Evans: We must be low cost: you don’t need so many people and you don’t have to have complex ways of doing things. We knew we needed to automate as much as possible and in doing so, we are able to keep costs down. We can pass those lower costs in the form of lower rates onto our customers, so that’s a key part of our strategy.
Coates: Nick’s experience in the legacy banks was that it was a paper-intensive process and it’s quite well publicised that those banks are still running on legacy IT systems. In contrast, we have this blank sheet of paper, or blank space in the cloud as it were, to create a technology platform that works efficiently and for every part of the supply chain.
Evans: When we started looking for technology, especially for Oxbury Farm Credit, there was nobody out there doing the same type of thing.
Coates: Invoices are uploaded automatically to our online platform, which can be accessed 24 hours a day. Accounts can be reviewed in real-time, and outgoings can be monitored all in one place. If farmers don’t want to put something on credit and pay interest on it, they can pay invoices off straightaway.
We are onboarding people onto the platform in the first six months of this year before we become fully up and running.
GTR: What is the plan for Oxbury going forward?
Coates: The focus is launching the three products and serving our core customer group. But this model works in other geographies. Somewhere on the horizon, when we prove that it’s working well in the UK, there’s no reason to say that it couldn’t work in other markets. Obvious examples, because of the way the banking sector in those countries is quite concentrated like ours is with big players, but also because the distribution network is fairly concentrated as well, are Australia and Canada. Those are hugely important agri markets too.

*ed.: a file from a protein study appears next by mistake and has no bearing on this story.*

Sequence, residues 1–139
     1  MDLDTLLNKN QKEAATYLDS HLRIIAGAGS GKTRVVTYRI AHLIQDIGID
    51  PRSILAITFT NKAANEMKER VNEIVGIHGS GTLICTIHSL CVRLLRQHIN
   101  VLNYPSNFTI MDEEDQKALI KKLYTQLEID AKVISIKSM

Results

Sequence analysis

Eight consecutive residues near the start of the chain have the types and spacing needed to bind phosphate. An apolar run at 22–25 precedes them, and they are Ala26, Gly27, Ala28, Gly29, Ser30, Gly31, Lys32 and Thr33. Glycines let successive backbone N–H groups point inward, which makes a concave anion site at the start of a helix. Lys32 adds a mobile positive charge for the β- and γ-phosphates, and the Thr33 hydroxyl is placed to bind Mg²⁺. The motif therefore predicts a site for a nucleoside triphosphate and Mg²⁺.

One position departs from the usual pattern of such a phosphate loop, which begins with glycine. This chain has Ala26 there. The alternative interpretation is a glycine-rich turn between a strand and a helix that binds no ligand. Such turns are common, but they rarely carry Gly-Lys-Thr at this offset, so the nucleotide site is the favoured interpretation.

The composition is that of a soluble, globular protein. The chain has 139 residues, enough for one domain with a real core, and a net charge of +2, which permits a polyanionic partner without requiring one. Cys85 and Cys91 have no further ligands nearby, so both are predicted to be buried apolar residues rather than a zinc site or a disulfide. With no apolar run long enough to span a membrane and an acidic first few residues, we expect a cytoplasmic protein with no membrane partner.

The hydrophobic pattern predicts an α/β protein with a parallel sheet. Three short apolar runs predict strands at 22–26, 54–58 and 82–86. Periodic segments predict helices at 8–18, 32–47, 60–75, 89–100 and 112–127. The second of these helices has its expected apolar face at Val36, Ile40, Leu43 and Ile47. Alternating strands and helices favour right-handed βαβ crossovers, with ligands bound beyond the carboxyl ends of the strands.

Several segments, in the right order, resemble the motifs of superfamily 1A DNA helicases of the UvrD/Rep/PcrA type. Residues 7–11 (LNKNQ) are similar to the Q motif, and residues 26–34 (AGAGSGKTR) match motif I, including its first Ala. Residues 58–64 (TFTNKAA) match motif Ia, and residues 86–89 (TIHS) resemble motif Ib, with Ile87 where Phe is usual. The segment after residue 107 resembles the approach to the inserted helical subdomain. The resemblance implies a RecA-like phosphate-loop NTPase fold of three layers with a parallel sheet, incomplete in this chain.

GTR: What do you make of the UK’s new Agriculture Bill?
Coates: There’s going to be a transition from the common agricultural policy world of acreage-based subsidies through to this new environmental land management system, over a period of five to seven years.
One of the things they’ve changed from the previous version before the election was to make a few more explicit links to food security. We believe that farmers, while they are custodians of the countryside and the environment and biodiversity, do also need to have a level of food security and so we are very much supportive of that.
Generally, the way it seems to be coming out seems good, but it’s got a bit of progress to make yet and the devil will be in the transition. I have lots of horror stories from my own experience – and have heard others – about government payments going missing or being late or getting complicated.